As uptake of hybrid propulsion increases, a more flexible approach to engineering and design of hybrid vessels is needed
Presented by researchers from Damen Shipyards at the CIMAC Congress in Vancouver in June, a new paper titled Holistic Functional Design and System Testing: Hybrid Road Ferry proposes an alternative design and development model based around engineering iterations with increasing scope and complexity, as available information and insight on project metrics increases.
By integrating hardware-in-the-loop testing, systems functionality can be verified before installation, making for more time and cost-effective commissioning, the authors note.
Each iteration should be based heavily on simulations and testing output, with increasingly complex – and accurate – models used to accommodate demands from designers and to answer questions arising at different stages of the product’s development, the paper says.
Key benefits of this approach are that it allows for flexibility of time and investment costs as the project progresses through different stages. The designer needs only to make a relatively small effort at the proposal stage, and once a contract is in place and a larger budget and amount of time is available, this can be built on to develop the required level of detail. Another benefit is that design iterations are developed based on actual feedback and findings. This allows for flexible design considerations, and optimisation of components and functionality based on unit, integration, system and hardware-in-the-loop (HIL) testing.
The paper, which was written by Damen’s principal research engineer Erik-Jan Boonen and research engineers Edward Sciberras and Katerina Xepapa, outlined a prototype application of this new approach on Damen’s hybrid Road Ferry 8117E3 (DRFe 8117 E3).
The new design process
The first step in the development process was selecting the vessel’s hybrid topology, with use of simulations the main assessment tool. Three options were considered: conventional diesel-driven propellers with separate diesel generators for auxiliary loads (diesel-direct); a combination of diesel engine and electric motor coupled to drive propellers, with separate gensets supplying electric power demand (hybrid propulsion); and electrical motors only driving the propellers, and diesel generators and a battery pack supplying electrical demand (hybrid power supply) .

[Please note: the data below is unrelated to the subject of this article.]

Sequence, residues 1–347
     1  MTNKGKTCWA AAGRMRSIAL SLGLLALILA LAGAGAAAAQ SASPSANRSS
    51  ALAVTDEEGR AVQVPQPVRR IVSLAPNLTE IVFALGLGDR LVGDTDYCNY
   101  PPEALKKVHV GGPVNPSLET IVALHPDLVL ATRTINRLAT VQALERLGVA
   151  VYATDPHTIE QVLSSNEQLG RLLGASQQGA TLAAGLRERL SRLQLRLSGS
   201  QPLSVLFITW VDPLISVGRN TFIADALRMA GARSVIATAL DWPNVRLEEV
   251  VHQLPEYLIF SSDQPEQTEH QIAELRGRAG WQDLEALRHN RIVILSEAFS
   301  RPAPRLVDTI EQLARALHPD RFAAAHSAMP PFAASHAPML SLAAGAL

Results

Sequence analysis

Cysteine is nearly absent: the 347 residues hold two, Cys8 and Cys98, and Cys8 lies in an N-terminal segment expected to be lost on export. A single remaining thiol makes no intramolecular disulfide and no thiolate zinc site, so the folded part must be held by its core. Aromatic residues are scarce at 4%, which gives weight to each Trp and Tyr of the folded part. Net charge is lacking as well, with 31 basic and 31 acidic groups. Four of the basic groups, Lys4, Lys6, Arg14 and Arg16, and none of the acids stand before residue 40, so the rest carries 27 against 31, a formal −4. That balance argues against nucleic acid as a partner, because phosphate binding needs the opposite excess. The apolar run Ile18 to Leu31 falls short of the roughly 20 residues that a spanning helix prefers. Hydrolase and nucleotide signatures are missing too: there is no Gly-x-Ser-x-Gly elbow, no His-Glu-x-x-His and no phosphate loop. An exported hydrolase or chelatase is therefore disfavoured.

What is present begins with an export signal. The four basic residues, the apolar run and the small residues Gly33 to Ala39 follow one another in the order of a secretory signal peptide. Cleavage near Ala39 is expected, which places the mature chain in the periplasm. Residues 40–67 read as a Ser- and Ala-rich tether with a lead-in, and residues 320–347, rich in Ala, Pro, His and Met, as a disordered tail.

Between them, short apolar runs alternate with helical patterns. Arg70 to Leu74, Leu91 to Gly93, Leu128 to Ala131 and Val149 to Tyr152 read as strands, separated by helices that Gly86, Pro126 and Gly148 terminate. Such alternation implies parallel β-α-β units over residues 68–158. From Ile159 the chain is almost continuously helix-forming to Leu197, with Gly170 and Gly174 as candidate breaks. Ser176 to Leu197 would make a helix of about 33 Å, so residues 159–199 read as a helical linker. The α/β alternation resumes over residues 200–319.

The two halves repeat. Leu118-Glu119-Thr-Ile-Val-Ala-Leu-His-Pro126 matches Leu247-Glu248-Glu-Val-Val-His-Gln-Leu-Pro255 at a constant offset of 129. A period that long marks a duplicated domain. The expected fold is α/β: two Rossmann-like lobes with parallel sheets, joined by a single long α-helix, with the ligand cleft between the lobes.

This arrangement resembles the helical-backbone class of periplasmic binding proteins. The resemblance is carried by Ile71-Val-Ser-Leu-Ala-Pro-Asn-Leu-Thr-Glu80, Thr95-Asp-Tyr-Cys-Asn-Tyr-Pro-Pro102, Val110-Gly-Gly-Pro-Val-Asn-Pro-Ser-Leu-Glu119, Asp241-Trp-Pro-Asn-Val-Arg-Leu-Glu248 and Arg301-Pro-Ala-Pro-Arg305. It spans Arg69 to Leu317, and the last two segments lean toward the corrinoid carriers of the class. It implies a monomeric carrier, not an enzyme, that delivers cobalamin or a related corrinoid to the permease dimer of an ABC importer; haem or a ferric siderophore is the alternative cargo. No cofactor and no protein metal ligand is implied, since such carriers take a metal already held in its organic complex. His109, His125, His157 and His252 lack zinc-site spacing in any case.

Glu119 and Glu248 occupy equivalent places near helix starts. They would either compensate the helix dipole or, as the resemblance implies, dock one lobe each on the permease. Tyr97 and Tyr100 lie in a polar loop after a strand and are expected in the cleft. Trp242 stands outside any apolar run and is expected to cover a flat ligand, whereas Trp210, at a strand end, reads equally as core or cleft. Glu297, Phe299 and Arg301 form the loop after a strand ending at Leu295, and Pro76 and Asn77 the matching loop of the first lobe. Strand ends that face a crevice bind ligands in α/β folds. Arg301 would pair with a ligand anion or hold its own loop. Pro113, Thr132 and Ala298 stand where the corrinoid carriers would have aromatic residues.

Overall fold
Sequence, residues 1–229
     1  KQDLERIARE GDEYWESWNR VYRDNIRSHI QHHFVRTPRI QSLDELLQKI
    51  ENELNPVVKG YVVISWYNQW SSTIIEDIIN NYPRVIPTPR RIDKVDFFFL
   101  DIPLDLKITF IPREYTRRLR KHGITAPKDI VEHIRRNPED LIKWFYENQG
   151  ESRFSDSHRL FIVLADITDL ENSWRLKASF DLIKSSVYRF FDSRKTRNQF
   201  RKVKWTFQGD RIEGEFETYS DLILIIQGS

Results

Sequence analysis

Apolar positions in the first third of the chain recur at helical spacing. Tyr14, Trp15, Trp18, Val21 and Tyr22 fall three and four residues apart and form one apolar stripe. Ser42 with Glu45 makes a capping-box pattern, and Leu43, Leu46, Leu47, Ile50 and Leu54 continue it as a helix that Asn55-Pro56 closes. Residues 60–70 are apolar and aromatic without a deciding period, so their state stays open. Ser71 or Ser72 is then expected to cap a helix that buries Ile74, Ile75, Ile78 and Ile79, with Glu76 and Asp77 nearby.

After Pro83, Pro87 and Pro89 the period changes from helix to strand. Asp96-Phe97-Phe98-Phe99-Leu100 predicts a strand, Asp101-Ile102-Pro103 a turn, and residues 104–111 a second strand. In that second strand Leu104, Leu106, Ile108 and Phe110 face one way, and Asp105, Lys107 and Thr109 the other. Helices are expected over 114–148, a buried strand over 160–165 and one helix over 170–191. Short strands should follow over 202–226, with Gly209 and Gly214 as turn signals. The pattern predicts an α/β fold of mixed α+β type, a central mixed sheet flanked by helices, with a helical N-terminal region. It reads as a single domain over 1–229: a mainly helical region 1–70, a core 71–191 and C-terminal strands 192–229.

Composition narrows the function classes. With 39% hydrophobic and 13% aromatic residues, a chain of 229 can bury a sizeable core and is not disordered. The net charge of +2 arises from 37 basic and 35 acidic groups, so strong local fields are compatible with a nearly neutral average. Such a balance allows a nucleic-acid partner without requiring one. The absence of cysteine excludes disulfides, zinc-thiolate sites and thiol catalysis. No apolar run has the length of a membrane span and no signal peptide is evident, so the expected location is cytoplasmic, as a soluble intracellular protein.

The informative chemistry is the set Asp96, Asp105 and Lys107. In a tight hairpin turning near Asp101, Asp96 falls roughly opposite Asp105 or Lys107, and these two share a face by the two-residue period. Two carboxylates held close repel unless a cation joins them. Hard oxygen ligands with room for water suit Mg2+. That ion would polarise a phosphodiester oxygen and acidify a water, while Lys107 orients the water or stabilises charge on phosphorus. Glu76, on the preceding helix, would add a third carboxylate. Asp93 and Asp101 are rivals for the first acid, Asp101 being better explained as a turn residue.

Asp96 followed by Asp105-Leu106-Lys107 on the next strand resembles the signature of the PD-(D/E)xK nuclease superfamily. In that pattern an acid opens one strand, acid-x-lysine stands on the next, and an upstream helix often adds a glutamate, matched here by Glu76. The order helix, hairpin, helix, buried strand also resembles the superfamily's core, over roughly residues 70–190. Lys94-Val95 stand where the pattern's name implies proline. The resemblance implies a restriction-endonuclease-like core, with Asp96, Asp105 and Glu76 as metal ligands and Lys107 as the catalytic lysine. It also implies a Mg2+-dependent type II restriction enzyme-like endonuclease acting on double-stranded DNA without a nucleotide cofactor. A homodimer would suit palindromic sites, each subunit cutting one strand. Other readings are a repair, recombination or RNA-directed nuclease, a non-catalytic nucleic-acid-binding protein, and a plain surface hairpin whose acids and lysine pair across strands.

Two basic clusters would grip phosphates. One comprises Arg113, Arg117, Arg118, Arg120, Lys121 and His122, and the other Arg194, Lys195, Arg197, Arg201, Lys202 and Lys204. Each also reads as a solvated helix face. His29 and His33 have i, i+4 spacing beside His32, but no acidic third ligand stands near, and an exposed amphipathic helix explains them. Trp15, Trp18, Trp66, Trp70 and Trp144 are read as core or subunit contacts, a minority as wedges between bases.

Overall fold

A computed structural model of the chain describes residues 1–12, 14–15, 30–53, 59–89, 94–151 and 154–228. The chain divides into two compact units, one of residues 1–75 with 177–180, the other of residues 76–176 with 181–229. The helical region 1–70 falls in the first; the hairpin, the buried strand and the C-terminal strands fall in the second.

Assessment was based around redundancy, flexibility, operability, operational costs, and futureproofing, and the hybrid power-supply option was selected on this basis, with operability being the most decisive criteria. The paper’s authors noted that these criteria are high-level and in some cases subjective, with data used to make the selection very basic. They note: “[At this stage] in order to obtain a vessel with the best balance of attributes, experience and product knowledge are key. Simulation only served to quantify and compare the operational performance between configurations.”
The next step was choosing the main machinery. A steerable thruster with a twin-propeller arrangement was selected as a propulsor based on manoeuvrability and efficiency characteristics. Power output was determined by the sailing speed and station-keeping capabilities required for the vessel. Operational specifications mandated the generators be capable of running at 85% load when sailing at full speed, with the selected machinery having a fixed speed of 1,200 rpm. The battery was chosen based on operational assessment, which identified a battery capacity of 800 kWh with an option to extend to 2,000 kWh, which was seen as giving a good energy storage size, enabling potential electric-only operation.
The next stage, described as ‘design for service,’ involved establishing details of the ferry’s daily operations. Up to this point, design choices had been made based on design conditions that almost never occur in normal operation, the paper says. Propulsion system functionality needed to be defined for the vessel’s everyday operations, with the main requirement being to minimise the total cost of ownership for what the paper describes as the vessel’s “general road ferry purpose”. The vessel’s main operational modes were defined as (un)loading (when passengers are embarking or disembarking while the vessel is moored), manoeuvring (entering or leaving port), and transit (sailing at a constant speed).